On the whole this was an interesting read and produced a thought provoking discussion for our group. 



Date: Monday 26th April 2021

Time: 10.30 – 11:45 am (approximately)

This month we will be discussing Tamarind Woman by Anita Rau Badami

Kamini has recently moved from India to Canada. Plunged into the past by acrimonious telephone calls and odd postcards from her mother, she tries to make sense of the eccentric family she has left behind. Why was her Mother as bitter as a tamarind with her lot in life? Why did she seem to love Roopa best, rubbing almond oil on her skin at bath-time and never scolding her for getting her sums wrong? And where did she disappear to while Dadda was away on business, leaving her daughters in the care of a superstitious old ayah? A wise and affectionate portrait of two generations of women in an Indian family, Tamarind Woman is a beautifully evocative novel that explores the mutability of memory and unravels the deep ties of love and sometimes resentment that bind mothers and daughters.


April Book Club Review

We had a most stimulating and interesting discussion with good contributions from everyone. Our discussion covered universal themes of marriage and we spoke about isolation, abuse and the emphasis on Dharma (duty). We also spoke about Indian culture, rituals and superstition and the status of working for the railway.

We are lucky to have two men in our group who were able to bring their male perspective into our discussion. They, and the rest of us, recognised the difficulties some women encountered, in general, not just in Indian culture. We thought that the author made a good point that the expectations and differences in views between the characters in each of the four generations in the book played a huge part, and changed their lives for the better or worse. We agreed that this would probably always be the case, it is human nature, no matter where you live.  

The structure of the book was clever and it was well written. The railway theme subtly moved the story along like one of the huge, overcrowded trains we have all seen in India, and dragged the family with it. The author described the sights, smells and sounds well throughout the story.

We felt sorry for both the mother and her daughters, bright and intelligent women, but the father, and many of the male characters, did not appeal to us. However, we thought the father was as much a victim of the times and culture as the female characters.  We agreed that communication was paramount in relationships and in life in general.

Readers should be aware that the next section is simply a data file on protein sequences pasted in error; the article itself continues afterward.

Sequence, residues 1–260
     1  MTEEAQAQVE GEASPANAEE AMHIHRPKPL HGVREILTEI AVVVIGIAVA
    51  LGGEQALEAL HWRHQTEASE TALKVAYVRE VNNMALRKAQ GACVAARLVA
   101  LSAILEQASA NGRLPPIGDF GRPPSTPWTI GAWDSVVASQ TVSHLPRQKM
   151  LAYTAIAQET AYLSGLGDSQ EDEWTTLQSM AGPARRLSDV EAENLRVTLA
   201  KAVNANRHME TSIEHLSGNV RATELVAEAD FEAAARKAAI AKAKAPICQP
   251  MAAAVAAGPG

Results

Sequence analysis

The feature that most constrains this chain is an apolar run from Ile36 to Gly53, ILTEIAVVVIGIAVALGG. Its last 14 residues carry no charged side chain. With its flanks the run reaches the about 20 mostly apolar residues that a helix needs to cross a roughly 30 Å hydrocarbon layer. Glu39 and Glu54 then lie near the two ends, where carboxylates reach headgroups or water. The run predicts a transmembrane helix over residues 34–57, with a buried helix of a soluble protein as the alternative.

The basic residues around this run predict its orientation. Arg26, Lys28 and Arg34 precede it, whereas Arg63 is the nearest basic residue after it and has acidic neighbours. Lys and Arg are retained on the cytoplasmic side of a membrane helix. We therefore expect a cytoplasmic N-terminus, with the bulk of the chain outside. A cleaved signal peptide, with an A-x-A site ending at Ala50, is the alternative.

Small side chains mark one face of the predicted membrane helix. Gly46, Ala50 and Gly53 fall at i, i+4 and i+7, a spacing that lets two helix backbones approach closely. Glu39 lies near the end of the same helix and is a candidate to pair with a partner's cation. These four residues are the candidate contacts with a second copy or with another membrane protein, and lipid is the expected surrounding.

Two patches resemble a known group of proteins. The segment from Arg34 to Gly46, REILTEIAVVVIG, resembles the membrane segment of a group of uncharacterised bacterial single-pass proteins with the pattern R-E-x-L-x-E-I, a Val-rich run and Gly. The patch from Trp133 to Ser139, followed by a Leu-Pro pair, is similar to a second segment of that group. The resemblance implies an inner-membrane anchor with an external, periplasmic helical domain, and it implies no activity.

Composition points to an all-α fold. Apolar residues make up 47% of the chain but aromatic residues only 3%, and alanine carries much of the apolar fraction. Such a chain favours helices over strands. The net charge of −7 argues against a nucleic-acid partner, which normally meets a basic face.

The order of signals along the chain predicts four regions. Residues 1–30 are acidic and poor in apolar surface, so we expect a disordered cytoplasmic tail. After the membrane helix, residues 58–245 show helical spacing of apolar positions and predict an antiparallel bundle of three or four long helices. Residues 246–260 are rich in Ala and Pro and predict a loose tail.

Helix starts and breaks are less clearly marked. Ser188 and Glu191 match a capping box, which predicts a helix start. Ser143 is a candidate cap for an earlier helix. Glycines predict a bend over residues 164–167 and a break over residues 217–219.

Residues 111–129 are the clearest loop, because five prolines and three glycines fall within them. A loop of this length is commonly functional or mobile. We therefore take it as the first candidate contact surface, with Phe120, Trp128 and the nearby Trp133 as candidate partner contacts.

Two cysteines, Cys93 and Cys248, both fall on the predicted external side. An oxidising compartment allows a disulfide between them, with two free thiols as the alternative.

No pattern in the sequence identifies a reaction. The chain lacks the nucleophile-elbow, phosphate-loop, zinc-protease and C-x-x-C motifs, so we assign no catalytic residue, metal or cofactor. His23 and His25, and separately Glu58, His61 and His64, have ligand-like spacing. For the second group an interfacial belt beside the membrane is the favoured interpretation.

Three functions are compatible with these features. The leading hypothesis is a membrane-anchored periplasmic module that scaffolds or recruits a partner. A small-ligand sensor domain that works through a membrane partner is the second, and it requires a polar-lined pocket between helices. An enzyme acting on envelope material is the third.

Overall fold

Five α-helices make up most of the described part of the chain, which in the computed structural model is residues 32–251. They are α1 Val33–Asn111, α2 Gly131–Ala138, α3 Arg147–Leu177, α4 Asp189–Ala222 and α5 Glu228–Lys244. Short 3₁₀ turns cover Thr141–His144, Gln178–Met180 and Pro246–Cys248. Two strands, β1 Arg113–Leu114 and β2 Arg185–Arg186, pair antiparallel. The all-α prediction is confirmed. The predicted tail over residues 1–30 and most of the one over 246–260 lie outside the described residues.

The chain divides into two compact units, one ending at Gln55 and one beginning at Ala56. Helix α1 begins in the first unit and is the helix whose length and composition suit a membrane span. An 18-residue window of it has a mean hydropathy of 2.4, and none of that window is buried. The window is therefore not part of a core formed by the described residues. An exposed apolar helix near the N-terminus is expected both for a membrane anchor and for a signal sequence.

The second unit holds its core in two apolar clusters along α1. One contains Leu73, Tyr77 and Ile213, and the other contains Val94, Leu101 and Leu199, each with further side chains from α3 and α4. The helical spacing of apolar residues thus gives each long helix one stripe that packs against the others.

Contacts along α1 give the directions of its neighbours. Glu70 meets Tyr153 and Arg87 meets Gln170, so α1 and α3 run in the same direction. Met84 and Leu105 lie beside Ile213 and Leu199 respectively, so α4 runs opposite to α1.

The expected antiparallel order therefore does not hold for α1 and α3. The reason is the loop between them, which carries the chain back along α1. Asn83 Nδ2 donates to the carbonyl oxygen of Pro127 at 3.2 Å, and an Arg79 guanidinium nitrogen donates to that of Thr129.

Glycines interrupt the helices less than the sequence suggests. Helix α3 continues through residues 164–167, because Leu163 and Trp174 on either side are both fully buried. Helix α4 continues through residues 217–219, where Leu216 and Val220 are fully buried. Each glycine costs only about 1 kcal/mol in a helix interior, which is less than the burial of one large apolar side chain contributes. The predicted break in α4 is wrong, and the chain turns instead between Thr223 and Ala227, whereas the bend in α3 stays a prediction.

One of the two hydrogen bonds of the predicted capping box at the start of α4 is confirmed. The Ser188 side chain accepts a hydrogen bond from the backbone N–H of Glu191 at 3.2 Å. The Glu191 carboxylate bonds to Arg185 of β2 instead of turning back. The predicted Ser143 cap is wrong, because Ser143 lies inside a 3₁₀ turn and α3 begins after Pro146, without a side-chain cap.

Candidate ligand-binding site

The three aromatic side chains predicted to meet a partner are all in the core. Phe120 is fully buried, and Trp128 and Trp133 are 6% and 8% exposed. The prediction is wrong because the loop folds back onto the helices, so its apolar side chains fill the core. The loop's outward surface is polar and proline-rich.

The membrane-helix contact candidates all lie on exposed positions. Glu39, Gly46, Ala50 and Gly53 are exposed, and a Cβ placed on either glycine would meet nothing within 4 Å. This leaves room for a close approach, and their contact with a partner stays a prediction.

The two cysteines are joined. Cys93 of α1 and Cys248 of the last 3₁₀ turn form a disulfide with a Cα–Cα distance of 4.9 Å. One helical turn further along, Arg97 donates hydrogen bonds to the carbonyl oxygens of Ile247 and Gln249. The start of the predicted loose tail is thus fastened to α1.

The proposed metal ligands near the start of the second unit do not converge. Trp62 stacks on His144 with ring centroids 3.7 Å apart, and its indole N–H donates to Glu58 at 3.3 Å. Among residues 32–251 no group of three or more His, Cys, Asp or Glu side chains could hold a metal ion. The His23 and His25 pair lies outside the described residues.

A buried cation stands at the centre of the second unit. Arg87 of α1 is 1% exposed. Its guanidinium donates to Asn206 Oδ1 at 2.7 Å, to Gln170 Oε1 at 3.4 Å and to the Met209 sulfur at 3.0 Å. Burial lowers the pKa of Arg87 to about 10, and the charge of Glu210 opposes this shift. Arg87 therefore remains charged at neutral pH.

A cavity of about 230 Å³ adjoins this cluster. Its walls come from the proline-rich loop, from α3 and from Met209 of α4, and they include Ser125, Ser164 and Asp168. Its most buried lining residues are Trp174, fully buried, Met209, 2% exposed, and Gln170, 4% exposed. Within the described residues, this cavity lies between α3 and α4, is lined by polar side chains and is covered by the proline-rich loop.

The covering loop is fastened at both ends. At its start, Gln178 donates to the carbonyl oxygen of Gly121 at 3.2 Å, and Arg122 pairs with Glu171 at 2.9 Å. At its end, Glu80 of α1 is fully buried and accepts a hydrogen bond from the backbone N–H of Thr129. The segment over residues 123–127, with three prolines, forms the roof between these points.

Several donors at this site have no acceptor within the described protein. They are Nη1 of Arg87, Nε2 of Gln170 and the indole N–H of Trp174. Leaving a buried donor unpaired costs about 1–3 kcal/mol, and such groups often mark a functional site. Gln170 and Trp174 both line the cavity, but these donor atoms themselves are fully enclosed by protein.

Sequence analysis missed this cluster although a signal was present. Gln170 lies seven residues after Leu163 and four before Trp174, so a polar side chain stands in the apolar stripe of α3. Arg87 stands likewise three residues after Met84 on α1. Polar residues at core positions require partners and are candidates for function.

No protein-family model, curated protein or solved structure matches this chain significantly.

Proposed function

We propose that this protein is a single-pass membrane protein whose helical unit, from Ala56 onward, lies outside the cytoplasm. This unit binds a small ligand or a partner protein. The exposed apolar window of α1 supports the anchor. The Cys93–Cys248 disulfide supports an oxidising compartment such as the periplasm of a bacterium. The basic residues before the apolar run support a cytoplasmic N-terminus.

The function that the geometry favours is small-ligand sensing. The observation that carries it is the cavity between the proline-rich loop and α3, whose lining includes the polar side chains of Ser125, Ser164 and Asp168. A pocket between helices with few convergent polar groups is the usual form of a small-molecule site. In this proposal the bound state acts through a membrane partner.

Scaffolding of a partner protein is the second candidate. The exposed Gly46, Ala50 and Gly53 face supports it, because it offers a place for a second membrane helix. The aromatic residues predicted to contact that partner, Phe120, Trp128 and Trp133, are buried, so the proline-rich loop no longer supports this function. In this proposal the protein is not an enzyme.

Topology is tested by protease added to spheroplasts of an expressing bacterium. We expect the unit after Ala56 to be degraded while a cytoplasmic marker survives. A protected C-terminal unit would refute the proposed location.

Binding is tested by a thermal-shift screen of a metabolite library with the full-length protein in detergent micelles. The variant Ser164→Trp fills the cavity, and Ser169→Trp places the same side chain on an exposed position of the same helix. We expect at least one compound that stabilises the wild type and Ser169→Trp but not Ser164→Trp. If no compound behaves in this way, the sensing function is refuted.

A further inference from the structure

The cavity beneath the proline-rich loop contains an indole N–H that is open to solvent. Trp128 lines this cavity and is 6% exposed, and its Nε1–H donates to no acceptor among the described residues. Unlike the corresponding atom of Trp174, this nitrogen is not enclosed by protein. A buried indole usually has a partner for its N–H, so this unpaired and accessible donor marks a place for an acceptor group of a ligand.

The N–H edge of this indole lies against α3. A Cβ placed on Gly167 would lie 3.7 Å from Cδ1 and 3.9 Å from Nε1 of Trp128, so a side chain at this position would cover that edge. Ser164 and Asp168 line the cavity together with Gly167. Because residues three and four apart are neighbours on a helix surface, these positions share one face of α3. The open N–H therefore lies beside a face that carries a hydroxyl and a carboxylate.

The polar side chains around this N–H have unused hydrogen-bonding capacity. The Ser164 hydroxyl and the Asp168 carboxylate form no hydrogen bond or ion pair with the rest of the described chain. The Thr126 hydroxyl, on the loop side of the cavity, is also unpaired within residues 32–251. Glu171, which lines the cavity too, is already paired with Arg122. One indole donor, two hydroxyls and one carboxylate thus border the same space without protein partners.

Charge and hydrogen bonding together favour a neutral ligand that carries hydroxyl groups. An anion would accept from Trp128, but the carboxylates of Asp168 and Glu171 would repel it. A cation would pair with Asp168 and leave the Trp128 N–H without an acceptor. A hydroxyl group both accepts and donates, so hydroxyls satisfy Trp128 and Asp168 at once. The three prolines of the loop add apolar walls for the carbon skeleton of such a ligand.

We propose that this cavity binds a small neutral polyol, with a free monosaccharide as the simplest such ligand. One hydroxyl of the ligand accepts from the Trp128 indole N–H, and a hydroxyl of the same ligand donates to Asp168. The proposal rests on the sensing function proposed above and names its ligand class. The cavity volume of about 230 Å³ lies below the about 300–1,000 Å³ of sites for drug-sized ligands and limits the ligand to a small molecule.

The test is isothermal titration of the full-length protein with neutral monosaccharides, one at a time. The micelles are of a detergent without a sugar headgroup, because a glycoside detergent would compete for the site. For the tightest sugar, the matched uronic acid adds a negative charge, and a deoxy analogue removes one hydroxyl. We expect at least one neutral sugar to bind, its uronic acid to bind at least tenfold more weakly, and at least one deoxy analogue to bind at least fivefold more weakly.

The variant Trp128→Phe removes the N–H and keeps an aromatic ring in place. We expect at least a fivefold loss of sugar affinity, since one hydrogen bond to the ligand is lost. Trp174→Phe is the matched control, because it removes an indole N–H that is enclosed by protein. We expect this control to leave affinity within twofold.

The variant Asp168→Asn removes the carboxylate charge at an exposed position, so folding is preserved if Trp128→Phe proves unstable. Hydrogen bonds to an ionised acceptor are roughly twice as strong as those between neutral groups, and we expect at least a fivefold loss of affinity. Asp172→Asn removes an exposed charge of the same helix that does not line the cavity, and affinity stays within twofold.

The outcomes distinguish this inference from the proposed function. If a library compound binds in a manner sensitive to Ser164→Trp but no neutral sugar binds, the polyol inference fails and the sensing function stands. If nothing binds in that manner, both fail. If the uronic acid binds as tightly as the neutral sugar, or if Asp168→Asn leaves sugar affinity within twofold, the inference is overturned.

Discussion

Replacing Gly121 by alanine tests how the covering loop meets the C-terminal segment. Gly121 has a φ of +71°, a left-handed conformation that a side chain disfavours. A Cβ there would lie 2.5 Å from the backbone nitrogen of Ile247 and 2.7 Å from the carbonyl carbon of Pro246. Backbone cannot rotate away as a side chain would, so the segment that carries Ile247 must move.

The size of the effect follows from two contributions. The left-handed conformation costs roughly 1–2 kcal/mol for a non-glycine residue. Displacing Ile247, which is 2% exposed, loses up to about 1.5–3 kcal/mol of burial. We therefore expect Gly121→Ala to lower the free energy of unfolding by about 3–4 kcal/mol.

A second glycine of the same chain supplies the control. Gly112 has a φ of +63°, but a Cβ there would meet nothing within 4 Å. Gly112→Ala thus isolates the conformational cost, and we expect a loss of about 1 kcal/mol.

We would recommend this book, it provoked a very good discussion and was an interesting read.



Date: Monday 22nd March 2021

This month we discussed Black Water Lilies by Michel Bussi.

The town of Giverny was the home of the artist Claude Monet and the garden where he painted his Water Lilies. But once the tourists have gone, there is a darker side to the peaceful French village.

This novel describes thirteen days that begin with one murder and end with another. Jérôme Morval, a man whose passion for art was matched only by his passion for women, has been found dead in the stream that runs through the gardens. In his pocket is a postcard of Monet’s Water Lilies. Entangled in the mystery are three women: a young painting prodigy, a seductive village schoolteacher, and an old widow who watches over the village from a mill by the stream. All three of them share a secret. But what do they know about the discovery of Jérôme Morval’s corpse? And what is the connection to the mysterious, rumoured painting of Black Water Lilies?


March Book Club Review

The first Noble Caledonia book club meeting was most enjoyable. We liked reading Black Water Lilies and found it an interesting murder mystery/thriller with an intriguing plot although other comments were that it was also thought to be irritating, slightly too long and needed more editing. The book was well written and well translated from its original French language. The many red herrings scattered throughout and the clever storyline by the author fooled us; some felt the book needed a mathematical construct in order to work out Whodunnit. We also felt that most but not all of the characters were well drawn and we very much liked the sense of place it gave, especially interesting to those who had already visited Giverny. The reading group is looking forward to our next meeting in April when we move from northern France and will be transported to India as we discuss Tamarind Woman by Anita Rau Badami.